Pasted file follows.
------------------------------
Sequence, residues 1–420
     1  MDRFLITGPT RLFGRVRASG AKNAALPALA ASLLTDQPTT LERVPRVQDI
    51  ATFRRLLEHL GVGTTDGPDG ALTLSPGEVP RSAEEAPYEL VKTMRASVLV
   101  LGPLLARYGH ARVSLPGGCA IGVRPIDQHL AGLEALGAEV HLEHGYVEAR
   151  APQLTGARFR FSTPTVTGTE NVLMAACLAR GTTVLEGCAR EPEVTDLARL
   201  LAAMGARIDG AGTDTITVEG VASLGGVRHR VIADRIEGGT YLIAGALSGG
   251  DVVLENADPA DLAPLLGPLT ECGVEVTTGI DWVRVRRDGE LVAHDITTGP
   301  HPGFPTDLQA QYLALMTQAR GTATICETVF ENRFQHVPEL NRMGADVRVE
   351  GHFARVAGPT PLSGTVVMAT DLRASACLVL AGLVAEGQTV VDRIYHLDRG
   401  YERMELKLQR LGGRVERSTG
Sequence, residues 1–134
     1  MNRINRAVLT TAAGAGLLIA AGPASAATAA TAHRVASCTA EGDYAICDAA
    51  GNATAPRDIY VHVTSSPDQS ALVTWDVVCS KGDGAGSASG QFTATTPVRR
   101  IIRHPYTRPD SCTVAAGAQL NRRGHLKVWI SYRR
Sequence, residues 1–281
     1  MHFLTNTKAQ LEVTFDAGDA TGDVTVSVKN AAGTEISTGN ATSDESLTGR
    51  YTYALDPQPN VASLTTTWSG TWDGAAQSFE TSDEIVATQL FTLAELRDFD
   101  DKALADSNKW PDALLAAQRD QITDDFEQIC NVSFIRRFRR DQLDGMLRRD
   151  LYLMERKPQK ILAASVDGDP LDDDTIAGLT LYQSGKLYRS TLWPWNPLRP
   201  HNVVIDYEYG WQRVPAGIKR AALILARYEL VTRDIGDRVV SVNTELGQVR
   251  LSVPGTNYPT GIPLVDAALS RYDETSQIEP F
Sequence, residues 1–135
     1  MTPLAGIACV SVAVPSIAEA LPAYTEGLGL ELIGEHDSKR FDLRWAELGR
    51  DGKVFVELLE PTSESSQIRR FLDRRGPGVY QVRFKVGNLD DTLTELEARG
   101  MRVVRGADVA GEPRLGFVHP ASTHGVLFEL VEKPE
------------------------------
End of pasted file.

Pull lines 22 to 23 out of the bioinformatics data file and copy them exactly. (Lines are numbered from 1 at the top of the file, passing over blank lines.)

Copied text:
Sequence, residues 1–135
     1  MTPLAGIACV SVAVPSIAEA LPAYTEGLGL ELIGEHDSKR FDLRWAELGR